M.D., MPH, Associate Professor of Medicine, Harvard Medical School, Director, Genomes2People Research Program
Dr. Green is a medical geneticist and physician-scientist who is internationally recognized for designing and conducting empirical studies in genomic medicine. He currently leads and co-leads the MedSeq and BabySeq Projects, respectively, two NIH-funded randomized trials designed to explore the medical, behavioral and economic implications of integrating genome sequencing into the medical care of adults and newborns. Other noteworthy contributions include leading the first experimental trials to disclose genetic risk of common complex disease (the REVEAL Study) and one of the first prospective studies of direct-to-consumer genetic testing services (the PGen Study). He was the lead author on the influential recommendations for managing incidental findings in clinical sequencing from the American College of Medical Genetics and Genomics, and a co-author on recommendations for managing incidental genomic findings in research biobanks.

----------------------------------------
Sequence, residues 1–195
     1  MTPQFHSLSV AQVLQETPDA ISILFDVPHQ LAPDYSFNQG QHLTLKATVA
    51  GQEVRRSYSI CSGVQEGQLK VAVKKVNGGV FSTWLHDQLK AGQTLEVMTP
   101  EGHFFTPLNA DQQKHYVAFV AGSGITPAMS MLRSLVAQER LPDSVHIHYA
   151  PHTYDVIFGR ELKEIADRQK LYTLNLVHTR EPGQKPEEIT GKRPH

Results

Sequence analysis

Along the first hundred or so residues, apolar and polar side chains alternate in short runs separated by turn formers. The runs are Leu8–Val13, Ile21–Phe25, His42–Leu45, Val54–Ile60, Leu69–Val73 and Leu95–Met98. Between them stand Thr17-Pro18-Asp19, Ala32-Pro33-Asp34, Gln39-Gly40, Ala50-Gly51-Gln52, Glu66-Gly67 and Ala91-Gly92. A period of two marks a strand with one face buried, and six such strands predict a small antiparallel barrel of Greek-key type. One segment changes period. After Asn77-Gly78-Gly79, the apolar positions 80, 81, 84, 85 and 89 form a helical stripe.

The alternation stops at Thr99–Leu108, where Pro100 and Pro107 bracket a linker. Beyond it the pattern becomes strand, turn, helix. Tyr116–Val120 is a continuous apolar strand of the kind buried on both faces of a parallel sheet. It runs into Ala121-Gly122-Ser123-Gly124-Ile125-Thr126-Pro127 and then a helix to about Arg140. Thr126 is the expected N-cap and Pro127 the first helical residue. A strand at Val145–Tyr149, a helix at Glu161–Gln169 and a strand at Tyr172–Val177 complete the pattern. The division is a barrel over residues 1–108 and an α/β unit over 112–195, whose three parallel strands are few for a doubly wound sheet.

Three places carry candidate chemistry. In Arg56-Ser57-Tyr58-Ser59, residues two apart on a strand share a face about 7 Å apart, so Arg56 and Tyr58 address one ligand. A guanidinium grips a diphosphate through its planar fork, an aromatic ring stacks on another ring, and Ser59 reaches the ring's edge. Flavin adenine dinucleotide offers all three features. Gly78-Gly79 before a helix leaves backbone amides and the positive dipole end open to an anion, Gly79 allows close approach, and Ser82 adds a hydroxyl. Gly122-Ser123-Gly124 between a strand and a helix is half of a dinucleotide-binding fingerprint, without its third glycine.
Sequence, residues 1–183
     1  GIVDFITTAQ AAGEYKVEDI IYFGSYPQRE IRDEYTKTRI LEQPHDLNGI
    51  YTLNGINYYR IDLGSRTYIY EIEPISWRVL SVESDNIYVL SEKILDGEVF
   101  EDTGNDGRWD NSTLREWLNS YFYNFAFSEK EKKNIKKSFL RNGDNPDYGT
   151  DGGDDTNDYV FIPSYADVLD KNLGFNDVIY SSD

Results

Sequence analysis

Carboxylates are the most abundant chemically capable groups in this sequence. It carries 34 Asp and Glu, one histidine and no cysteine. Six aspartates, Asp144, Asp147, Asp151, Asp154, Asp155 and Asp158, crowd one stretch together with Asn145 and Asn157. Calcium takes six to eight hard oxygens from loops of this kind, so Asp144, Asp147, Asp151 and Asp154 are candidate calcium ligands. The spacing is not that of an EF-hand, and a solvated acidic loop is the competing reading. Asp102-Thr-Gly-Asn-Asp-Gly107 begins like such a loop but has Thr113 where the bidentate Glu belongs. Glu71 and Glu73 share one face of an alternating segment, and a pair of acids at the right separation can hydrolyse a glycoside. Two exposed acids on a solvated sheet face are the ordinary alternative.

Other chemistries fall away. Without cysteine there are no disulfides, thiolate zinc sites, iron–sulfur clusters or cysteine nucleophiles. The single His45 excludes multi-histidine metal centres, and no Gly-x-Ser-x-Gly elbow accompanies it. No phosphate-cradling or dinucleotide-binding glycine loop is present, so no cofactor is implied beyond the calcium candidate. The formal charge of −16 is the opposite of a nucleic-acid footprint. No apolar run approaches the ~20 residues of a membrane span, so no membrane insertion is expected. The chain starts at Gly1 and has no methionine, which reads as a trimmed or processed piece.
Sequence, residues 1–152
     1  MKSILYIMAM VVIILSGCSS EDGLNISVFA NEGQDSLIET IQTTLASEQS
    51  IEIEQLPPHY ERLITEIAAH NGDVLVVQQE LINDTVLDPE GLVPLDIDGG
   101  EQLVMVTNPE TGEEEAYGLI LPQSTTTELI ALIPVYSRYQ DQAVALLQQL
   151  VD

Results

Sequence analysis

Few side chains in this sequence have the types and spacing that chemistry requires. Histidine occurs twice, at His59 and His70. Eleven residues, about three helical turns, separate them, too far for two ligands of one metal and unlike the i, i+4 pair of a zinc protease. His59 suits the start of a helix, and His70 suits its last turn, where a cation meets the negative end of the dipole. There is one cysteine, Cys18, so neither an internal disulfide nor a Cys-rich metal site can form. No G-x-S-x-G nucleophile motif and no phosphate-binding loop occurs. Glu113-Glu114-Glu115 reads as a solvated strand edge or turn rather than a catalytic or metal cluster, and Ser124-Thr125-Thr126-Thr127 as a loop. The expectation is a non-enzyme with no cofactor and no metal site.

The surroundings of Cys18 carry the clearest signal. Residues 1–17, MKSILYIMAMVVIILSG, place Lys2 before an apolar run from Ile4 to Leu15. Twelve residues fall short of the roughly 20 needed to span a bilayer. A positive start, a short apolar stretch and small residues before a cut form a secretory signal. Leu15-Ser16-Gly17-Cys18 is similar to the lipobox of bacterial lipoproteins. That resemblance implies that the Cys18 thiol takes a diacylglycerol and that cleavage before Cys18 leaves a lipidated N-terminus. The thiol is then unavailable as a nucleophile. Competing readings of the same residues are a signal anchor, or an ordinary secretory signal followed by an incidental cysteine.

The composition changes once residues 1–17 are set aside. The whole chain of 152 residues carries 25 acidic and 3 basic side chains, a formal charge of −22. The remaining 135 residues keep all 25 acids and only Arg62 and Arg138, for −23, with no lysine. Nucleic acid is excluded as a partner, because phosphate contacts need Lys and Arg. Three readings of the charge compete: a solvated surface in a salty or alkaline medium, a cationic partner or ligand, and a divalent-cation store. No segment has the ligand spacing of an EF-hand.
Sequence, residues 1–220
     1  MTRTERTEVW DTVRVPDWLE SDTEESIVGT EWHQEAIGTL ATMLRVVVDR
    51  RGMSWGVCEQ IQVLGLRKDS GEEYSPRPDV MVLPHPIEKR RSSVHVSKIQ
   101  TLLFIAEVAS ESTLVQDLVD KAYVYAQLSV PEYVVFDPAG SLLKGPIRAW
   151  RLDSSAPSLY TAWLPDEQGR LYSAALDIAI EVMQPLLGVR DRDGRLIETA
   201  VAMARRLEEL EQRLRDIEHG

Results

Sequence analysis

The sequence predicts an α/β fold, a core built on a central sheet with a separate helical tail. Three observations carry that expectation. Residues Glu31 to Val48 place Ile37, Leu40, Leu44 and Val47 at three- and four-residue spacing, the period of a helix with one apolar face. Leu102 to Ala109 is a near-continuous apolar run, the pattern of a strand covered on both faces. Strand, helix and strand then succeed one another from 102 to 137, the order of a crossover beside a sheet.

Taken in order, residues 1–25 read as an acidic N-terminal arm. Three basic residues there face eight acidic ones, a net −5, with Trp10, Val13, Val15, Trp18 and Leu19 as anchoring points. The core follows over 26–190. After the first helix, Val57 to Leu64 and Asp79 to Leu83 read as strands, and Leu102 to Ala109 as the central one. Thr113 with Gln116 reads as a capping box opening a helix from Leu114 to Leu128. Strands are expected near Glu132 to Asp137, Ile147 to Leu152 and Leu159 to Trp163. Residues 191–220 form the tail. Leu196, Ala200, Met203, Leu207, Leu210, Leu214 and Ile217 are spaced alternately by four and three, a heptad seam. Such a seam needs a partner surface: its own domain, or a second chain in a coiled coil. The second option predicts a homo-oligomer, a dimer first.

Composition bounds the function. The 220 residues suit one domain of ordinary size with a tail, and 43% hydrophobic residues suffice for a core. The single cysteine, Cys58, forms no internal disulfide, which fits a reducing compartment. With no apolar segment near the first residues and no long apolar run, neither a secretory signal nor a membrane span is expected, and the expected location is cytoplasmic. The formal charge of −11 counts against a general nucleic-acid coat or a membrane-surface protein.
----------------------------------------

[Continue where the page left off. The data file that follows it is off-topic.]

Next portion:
Genomic Sequencing in Healthy Individuals
Despite a proliferation of clinical and research programs offering predispositional genomic sequencing (PGS) to ostensibly healthy adults, the outcomes of providing this information remain unclear. Randomized clinical trials can help researchers explore the responsible integration of PGS into medical care.
Session Abstract – PMWC 2017 Silicon Valley
Session Synopsis: Historically genetic testing has been restricted to affected families due to the high cost of DNA sequencing. As costs come down we now have the capability to provide comprehensive genetic testing as part of health and prevention programs based on personal utility. This session explores the value and pitfalls of genetic testing in the healthy population.